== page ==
2013 Hahn SLH Chardonnay Santa Lucia Highlands – A restrained expression of California chardonnay, offering a nose that is front-loaded with fruit — apples and figs, oddly enough — before veering into more traditional lines with a body that offers moderate and creamy buttery vanilla notes. A measured wine, it keeps things balanced between the fresh fruit and sweeter notes, with a dusting of nutmeg on the finish. A- / $20

Review: Herradura Ultra Anejo

herradura ultra

Clear, filtered anejo tequila is still the big thing in the agave category, and next up in the queue is Herradura, which takes tequila that has spent over 4 years in oak barrels and filters it back to blanco (in color, anyway).

The results are curious and a departure from other tequilas made in this style, starting with very tropical notes on the nose. Pineapple and coconut are both distinct, along with some citrus and a huge slug of marzipan.

On the palate, the sweet almond paste takes center stage, providing a core upon which the rest of the spirit builds. Strong coconut muscles the pineapple down a bit, allowing some interesting floral notes to build — think honeysuckle and white carnations. The finish marks a return to fruity sweetness, a touch more coconut and some chocolate dropping a sugar bomb into the syrupy fruit cocktail that bubbles up for your farewell.

The biggest surprise here is how different this is than most XO tequilas, which are almost always vanilla-heavy monsters that don’t often showcase much nuance. That said, the flavors here would probably be more at home in a rum than a tequila, and this Herradura offering all but wipes away any hint of the agave that was used to make it. That said, it would be crazy to accuse this tequila of being difficult to enjoy on its merits (and at this price, one of the least expensive for an extra anejo I’ve seen).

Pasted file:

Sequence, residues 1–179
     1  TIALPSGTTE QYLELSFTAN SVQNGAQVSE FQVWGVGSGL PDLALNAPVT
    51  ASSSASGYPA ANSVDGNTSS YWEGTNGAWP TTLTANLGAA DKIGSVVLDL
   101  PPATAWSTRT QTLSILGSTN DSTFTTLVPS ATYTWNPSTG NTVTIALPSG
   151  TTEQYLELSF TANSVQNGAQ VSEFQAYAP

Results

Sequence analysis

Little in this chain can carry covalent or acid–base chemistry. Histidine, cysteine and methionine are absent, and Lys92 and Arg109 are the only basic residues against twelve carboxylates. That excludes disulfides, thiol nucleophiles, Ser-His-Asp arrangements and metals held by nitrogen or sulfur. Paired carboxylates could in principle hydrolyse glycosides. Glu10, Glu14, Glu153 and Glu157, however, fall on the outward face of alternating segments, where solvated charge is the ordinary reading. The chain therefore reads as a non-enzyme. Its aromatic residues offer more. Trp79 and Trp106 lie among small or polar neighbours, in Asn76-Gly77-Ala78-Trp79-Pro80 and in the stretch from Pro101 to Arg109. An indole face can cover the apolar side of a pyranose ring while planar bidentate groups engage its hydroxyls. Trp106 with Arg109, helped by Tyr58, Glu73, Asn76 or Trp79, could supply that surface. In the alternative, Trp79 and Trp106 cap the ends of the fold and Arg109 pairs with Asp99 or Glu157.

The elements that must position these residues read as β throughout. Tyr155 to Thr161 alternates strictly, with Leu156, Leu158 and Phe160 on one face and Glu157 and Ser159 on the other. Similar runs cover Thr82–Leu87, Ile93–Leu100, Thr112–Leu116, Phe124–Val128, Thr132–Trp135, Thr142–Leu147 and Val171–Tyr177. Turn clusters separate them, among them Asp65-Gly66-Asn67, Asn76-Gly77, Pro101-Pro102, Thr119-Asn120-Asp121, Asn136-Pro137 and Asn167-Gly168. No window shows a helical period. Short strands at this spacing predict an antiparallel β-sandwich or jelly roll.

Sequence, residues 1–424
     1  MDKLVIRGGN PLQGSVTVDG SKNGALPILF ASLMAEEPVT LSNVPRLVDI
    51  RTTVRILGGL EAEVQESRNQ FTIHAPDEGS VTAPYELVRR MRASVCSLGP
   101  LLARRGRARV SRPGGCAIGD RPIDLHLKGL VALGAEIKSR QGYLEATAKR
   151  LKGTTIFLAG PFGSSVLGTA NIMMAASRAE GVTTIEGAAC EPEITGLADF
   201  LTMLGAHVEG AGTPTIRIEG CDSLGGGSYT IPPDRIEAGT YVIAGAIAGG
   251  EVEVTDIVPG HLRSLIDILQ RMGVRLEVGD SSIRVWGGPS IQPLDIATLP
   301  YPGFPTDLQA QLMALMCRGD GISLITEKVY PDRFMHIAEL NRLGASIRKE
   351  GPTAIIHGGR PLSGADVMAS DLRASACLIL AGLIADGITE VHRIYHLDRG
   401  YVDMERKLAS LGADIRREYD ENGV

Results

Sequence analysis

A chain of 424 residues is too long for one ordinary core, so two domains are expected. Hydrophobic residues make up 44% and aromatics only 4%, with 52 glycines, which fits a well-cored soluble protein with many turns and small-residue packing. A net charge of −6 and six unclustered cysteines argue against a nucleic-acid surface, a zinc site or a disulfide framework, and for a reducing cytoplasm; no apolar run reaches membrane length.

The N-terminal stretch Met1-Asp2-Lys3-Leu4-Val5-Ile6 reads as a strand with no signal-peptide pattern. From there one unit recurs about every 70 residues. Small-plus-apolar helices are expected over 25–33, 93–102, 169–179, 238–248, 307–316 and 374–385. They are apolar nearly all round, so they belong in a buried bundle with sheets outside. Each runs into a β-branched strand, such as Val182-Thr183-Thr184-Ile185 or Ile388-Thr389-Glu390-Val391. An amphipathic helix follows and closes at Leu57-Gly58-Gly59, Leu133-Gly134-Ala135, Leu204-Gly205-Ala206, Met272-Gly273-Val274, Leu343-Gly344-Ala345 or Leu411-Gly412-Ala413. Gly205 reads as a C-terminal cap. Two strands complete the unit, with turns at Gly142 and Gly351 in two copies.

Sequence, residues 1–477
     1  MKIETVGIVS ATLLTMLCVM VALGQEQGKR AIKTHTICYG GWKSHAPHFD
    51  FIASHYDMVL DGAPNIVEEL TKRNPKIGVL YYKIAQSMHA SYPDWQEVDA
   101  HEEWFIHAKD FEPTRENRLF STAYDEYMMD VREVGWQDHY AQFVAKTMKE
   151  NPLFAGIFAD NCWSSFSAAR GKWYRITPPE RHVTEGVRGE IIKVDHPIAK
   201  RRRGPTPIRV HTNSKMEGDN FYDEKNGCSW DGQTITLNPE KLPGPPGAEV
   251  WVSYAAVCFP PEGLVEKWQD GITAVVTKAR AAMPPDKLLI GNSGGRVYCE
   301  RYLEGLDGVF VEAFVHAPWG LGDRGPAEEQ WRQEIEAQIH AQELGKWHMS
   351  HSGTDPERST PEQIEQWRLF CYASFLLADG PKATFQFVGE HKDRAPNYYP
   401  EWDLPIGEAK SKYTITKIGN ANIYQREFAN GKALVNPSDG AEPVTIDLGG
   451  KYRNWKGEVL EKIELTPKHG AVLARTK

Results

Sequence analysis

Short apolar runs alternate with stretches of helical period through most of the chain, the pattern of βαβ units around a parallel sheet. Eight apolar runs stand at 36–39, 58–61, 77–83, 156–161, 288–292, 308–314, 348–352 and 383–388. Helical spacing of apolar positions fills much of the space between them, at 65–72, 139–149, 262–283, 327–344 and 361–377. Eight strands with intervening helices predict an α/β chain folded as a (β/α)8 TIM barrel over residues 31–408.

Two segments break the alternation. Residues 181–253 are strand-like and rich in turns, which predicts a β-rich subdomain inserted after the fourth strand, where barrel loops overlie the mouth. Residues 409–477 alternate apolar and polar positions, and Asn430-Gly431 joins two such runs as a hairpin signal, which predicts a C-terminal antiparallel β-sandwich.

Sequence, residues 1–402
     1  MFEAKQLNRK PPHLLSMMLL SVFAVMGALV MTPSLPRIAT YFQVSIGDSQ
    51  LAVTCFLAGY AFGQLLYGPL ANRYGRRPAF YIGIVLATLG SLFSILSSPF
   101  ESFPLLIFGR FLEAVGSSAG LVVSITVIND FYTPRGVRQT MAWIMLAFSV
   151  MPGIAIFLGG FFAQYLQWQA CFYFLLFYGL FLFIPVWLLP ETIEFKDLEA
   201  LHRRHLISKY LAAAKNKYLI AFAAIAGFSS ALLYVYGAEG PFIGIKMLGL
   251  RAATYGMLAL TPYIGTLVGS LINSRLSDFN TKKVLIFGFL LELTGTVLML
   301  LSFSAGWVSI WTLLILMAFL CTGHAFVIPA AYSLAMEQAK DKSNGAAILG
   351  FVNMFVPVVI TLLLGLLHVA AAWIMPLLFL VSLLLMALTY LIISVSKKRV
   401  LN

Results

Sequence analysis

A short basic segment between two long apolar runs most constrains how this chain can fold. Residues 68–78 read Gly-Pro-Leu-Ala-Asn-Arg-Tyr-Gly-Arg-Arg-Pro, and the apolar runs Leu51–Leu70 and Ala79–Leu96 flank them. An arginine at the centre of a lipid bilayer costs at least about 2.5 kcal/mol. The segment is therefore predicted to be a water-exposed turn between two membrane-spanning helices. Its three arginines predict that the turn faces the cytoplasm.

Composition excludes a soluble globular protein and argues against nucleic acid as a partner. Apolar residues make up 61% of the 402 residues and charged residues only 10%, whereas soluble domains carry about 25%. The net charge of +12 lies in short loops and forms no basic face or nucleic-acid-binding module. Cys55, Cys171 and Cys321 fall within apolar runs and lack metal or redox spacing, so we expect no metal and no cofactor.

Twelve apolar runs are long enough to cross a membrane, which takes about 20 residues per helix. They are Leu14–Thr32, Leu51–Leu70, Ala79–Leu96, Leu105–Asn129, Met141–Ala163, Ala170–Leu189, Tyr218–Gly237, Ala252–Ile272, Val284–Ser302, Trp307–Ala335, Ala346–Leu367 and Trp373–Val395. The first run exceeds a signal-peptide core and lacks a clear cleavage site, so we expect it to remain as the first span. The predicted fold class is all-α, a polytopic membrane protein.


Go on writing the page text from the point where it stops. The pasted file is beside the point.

80 proof.

A- / $50 /

Review: BiVi Sicilian Vodka

biviAh, Sicily: Renowned for its Italian food, mafia culture, and, of course, vodka.

Wait, vodka?

BiVi is made from Sicilian semolina wheat and bottled with local water and promoted by Sicilian actor Chazz Palminteri, so if you’re looking for a spirit that’s more Sicilian, you won’t likely find it. Still, it’s vodka, not grappa, so let’s see what our friends from off the Italian mainland can do.

On the nose it’s a traditional vodka, medicinal but tempered with some vanilla-focused sweetness. The body kicks things off with a lemon peel note before diving into a pile of fresh herbs. Strong hospital notes take over from there before, as with the nose, a sweeter character takes hold and cuts into the racy character with some notes of cocoa powder and caramel apples. The finish is clean, with an echo of the initial citrus notes.

80 proof.

B+ / $30 /

Review: Sonoma County Distilling Sonoma Rye Whiskey and Cherrywood Rye Whiskey

SCD_CherrywoodRye_RTRemember 1512 Spirits? This tiny Rohnert Park, California operation has grown by leaps and bounds — and recently changed its name to Sonoma County Distilling Company. SCDC is pumping out products, mostly young whiskeys, including bourbon, wheat whiskey, and at least two ryes, both of which we’re reviewing today.

Let’s take a look at what this humble operation north of San Francisco is pumping out.

Sonoma County Distilling Co. Sonoma Rye Whiskey – 100% California rye, primarily unmalted rye with malted rye as a secondary grain. Double distilled and aged in new charred American oak, finished in used barrels. It’s young stuff (likely only a year or two old, though there’s no age statement), and on the nose it’s full of youthful roasted cereal notes, raw lumber, and some hospital notes. The body is more well-rounded, adding ample baking spice notes driven by the rye, some cherry fruit, and gentle vanilla. The finish is quite lumber-driven, with an echo of cereal. 108.8 proof. Reviewed: Batch #8. B- / $50